League expects answer Monday
ZURICH, Switzerland -- NHL players moved a step closer Thursday to playing in the 2006 Turin Olympics.
Details were discussed at a meeting attended by NHL deputy commissioner Bill Daly, NHL Players' Association executive director Ted Saskin, International Ice Hockey Federation president Rene Fasel and International Olympic Committee executive director Gilbert Felli.
Daly said a day earlier the league expects a "definitive answer" on the agreement by Monday. Calls and e-mails to NHL officials Thursday were not immediately returned.
The main stumbling block is the refusal of the Russian and Czech federations to sign off on a proposed player transfer agreement between the NHL and IIHF.
All seven European leagues -- including Finland, Germany, Slovakia, Sweden and Switzerland -- will meet with the IIHF on Friday.
"This meeting will be very decisive whether we will be able to reach a consensus," Fasel said.
The NHL could allow its players to appear in the Olympics even if the Czechs and Russians refuse to sign. But it could use participation at the Olympics as a bargaining chip to get the two reluctant federations to fall in line.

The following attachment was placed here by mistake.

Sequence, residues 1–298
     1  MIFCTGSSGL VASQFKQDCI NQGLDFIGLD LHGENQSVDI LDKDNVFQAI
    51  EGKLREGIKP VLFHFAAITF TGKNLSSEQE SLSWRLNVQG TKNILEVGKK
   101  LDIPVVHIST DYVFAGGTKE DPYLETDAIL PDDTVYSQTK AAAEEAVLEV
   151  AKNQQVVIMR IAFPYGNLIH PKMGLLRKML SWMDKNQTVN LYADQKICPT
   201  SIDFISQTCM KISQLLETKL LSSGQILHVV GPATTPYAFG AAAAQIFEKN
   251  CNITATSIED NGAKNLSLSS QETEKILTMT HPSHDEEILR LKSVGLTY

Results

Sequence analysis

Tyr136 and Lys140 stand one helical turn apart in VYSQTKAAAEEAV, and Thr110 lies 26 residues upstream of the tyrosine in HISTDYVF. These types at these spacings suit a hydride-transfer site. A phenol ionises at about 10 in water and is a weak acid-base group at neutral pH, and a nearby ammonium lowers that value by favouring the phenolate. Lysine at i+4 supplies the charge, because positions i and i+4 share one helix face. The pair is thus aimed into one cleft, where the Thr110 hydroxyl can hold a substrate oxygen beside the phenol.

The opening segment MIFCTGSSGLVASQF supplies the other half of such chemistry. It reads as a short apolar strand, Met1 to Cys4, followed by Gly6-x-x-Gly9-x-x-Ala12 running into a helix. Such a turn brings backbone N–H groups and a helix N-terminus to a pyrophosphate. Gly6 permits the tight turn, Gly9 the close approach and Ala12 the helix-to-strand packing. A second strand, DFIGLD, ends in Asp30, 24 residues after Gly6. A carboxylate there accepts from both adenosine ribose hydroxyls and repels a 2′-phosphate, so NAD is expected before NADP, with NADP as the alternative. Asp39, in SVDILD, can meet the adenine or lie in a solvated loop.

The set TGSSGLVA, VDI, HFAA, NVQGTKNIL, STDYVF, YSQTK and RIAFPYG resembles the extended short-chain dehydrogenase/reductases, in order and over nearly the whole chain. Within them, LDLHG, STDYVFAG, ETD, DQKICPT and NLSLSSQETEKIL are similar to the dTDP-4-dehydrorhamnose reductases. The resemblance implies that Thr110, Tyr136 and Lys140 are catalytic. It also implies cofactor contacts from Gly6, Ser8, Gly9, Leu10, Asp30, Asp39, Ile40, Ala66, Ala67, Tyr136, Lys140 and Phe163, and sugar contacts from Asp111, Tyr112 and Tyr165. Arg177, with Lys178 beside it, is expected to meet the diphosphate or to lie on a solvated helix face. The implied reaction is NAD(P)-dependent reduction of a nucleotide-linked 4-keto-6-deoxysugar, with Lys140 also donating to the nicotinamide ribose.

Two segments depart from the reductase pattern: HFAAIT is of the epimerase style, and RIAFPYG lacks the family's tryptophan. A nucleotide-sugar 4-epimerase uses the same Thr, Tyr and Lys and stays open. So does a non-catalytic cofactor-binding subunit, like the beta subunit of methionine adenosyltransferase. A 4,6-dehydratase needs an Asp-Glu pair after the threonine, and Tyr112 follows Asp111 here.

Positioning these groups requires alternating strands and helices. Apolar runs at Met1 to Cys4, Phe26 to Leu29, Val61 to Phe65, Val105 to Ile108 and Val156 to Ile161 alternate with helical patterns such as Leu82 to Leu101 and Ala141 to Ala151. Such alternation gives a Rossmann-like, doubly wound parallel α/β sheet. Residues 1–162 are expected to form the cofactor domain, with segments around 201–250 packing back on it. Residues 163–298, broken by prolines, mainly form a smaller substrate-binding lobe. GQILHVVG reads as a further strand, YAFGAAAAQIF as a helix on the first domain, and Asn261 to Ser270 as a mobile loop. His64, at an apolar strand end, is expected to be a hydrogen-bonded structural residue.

The Czechs say the minimum amount of compensation the NHL pays to European federations to sign players is too low. The Russian federation would like to deal directly with NHL clubs in determining player compensation.
In the proposed five-year player transfer plan, the NHL would pay $12.5 million annually to a fund managed by the IIHF -- a $3.5 million increase from the previous deal.
The IIHF would distribute the money among the national federations and clubs that lose players to the NHL based on a formula devised by the IIHF and the national federations.
A player picked first in the NHL draft is worth $900,000, with each successive pick down to 30th decreasing by $20,000. Later draft picks are valued at $150,000.
Copyright 2005 by The Associated Press
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